Warm winter temperatures

prhartApril 7, 2012

Does anyone have thoughts about the effects of elevated winter temperatures on flowering of native plants. Here in western NC we had much higher temperatures than usual during the January-March period and I have noticed that there are fewer blooms on a number of species and Trillium luteum, of which I have an exceptionally vigorous variety, simply failed to come up.(there is no sign of vole activity or any disease problems.) I realize that there can be variation from year to year but this seems unusual.

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Actually, I was thinking about that last week when I was looking at the bloodroot plants. I know plants need the cold but our warmer then normal winter had some plants really confuse. Only five of my trout lilies came up there was a lot more last year. And of that only one bloomed but I got a bloom.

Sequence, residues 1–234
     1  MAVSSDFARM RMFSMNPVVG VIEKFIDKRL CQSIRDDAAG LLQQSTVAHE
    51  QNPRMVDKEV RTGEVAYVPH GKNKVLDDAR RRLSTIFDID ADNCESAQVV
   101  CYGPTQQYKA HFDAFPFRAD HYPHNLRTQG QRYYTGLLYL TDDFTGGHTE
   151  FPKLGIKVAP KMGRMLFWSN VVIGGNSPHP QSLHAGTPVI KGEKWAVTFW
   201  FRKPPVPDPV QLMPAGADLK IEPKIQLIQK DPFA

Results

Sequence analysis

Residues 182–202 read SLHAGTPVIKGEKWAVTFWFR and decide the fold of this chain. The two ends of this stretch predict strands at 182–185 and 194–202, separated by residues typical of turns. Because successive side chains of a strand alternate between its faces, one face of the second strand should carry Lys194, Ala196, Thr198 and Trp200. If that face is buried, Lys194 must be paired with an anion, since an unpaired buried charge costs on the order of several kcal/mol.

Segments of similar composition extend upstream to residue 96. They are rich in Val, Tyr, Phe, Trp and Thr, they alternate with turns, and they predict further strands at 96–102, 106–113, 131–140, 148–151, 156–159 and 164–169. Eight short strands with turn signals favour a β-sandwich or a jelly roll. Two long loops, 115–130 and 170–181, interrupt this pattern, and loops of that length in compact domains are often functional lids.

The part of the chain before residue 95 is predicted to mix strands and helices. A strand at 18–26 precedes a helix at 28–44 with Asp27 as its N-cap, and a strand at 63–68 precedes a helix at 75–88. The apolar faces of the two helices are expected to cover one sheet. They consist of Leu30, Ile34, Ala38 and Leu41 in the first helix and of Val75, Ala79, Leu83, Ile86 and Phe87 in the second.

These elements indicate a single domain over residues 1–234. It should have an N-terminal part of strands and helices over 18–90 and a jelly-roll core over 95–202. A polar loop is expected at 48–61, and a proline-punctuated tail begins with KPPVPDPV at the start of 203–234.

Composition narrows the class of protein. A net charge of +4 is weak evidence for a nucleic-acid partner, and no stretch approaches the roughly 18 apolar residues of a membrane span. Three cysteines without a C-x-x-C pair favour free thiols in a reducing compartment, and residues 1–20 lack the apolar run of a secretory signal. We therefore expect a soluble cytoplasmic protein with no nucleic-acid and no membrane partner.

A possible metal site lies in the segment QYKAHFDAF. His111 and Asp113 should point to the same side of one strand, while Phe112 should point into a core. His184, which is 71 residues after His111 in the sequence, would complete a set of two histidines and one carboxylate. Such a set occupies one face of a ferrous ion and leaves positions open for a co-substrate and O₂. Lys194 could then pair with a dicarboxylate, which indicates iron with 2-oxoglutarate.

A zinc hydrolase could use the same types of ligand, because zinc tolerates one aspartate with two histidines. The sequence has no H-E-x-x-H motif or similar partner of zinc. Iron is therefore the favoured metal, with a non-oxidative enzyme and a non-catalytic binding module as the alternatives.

Bookmark   April 7, 2012 at 2:33PM
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I am located in the NC Piedmont, and I thought the blooms were the best ever, even if a week or so earlier than usual. I had some plants come up that I had not seen in years! (We finally had some rain the last two summers, but August was very hot and dry.)

I noticed that a sarvis berry is just now beginning to show leaf growth; the silverbell next to it has already flowered and leafed out. Maybe it is confusion in the plant world?

Voles can destroy so much. I had a natural stand of pink lady slippers, probably 60 or so, that they took out in one season. Luckily, I still have a few left on another part of the property.

Hope your plants will return next year.

    Bookmark   April 8, 2012 at 9:29AM
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